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First he saved Jews during the war, then lepers in Uganda: Meet Fr. Ambrosili

The woman was only 20 years old and was dying of septicemia (blood poisoning). It was October 25, 2008, and on that day, her baby had already been lost, and Lucia Lomokol seemed destined to follow her child in death. All means known to the doctors to reverse Lucia’s condition had failed, and there was no hope to save her.

Doctor Eric Dominic, a physician from Turin, reached into his pocket and pulled out a small prayer card. It was the holy card of Servant of God Father Giuseppe Ambrosili. Doctor Dominic placed the holy card on Lucia’s pillow and asked the young woman’s relatives and all else who were present to pray to Father Guiseppe for Lucia’s recovery. They all did as requested, and the next morning, Lucia Lomokol was alive, well, and her infection was gone. No one thought such a thing was possible.

Giuseppe Ambrosili was born on July 25, 1923, in Ronago, a small town in northern Italy five miles from the Swiss border. He was the seventh son of Giovanni Ambrosili and Palmira Valli. Guiseppe did well in grade school and went to high school in nearby Como, Italy. In 1942, after finishing high school, he moved on and attended the College of Milan, but World War II disrupted his studies.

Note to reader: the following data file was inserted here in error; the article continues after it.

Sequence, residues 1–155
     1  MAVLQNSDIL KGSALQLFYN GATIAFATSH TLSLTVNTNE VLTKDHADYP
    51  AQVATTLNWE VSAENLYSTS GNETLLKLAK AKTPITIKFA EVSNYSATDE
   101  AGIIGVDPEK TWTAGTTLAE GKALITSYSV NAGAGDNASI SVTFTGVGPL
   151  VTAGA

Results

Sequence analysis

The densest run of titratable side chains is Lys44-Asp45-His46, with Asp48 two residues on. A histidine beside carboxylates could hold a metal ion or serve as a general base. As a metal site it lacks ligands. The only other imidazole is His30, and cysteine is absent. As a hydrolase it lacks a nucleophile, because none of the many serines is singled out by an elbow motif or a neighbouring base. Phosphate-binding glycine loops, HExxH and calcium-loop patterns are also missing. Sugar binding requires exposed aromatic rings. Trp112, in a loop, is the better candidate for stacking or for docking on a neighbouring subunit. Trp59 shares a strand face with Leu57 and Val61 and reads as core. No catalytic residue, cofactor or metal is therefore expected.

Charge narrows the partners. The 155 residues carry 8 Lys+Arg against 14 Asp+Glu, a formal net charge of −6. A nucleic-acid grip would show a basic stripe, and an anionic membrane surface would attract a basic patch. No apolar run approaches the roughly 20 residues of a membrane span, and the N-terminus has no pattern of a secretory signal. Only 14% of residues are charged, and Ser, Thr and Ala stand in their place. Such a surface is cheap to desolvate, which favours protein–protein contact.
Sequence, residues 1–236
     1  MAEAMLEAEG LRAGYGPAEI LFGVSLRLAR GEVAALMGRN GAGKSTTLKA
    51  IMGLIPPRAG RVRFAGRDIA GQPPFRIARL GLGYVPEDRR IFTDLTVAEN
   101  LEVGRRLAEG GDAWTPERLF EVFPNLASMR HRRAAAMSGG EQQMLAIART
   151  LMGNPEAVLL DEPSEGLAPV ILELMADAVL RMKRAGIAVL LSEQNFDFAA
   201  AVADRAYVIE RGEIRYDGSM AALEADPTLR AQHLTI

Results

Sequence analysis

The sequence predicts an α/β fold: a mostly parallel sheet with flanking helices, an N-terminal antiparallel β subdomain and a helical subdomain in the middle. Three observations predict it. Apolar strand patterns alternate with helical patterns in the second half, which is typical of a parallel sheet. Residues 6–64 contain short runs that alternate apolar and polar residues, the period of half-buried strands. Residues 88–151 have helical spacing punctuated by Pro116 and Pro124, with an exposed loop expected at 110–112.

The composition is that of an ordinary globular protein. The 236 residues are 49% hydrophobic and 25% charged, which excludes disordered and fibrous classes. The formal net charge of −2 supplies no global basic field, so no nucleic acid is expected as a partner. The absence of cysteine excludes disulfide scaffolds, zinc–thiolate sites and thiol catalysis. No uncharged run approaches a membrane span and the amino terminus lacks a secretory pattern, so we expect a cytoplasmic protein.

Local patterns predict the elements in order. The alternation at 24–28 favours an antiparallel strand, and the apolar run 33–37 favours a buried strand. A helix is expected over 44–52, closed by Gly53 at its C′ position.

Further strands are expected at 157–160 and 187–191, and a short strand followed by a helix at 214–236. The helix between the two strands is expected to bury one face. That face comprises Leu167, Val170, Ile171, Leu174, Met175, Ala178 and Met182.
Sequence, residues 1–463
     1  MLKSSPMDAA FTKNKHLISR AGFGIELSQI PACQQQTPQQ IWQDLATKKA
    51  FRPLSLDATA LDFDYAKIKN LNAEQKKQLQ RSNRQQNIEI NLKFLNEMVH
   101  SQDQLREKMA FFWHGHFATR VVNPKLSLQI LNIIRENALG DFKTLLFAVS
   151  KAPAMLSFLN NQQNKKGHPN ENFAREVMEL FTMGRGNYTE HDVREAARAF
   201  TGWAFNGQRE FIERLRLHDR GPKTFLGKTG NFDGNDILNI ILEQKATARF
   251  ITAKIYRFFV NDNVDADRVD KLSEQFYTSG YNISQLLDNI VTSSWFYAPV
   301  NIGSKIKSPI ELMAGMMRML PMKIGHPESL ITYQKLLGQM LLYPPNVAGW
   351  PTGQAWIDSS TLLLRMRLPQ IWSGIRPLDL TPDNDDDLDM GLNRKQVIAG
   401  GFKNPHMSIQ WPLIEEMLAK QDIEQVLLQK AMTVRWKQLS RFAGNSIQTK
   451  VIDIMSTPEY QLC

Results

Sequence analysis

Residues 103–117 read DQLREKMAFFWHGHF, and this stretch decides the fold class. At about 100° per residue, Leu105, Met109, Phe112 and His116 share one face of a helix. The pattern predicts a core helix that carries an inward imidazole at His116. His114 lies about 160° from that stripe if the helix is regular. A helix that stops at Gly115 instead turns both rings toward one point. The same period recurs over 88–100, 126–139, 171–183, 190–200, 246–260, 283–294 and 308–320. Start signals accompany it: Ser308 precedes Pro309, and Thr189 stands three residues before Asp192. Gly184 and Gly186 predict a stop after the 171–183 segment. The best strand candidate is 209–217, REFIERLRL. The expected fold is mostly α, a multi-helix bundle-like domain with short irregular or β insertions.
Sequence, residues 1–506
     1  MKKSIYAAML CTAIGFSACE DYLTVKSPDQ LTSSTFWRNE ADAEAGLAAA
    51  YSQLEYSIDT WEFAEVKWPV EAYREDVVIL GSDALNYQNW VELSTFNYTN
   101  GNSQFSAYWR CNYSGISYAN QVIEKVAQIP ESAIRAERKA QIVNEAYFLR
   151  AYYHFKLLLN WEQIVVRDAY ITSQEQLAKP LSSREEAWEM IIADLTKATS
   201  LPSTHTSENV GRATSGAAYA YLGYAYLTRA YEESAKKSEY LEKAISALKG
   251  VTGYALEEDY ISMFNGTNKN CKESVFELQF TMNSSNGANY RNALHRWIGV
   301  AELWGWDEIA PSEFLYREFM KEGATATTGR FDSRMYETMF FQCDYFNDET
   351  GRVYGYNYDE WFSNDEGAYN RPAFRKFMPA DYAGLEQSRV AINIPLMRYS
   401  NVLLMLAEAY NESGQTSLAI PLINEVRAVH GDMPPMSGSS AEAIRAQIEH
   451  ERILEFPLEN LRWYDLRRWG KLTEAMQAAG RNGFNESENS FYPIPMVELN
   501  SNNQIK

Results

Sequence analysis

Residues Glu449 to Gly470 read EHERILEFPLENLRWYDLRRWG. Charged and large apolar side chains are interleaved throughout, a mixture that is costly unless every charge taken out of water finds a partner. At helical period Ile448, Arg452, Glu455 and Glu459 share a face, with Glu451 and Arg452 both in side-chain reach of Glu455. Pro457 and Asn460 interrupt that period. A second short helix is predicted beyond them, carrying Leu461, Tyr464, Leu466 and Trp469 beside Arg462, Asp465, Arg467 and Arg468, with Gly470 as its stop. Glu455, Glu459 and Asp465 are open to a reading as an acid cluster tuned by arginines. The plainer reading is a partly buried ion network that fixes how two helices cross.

He became part of the Italian underground, and in 1943 he pledged to help save as many Jewish people as he could. Giuseppe and others worked clandestinely to hide them and get them safe passage to the Swiss border. The alternative for them, of course, was a concentration camp. If Giuseppe or his cohorts had been caught it would have meant their immediate execution.

Giuseppe did survive the war. His ultimate calling had always been to the priesthood, but in 1946, he returned to the College of Milan. On July 28, 1949, he was awarded a degree as a Doctor of Medicine. Giuseppe then headed home to the seminary located in Venegona (also in northern Italy) to study for Holy Orders. He was ordained a priest on December 17, 1955. The Archbishop of Milan presiding over his ordination was Giovanni Montini, who would become Pope St. Paul VI.

He was now a priest who had also been schooled in medicine and surgery. He then moved on to get a Tropical Medicine Diploma with the goal of eventually tending to the poor and deprived in Africa. Upon completion of his training, he announced to his mother and the rest of his family that his ultimate calling was to be a missionary. He told them, “God is love, they are suffering neighbors, and I am their servant.”

Read more at Aleteia 

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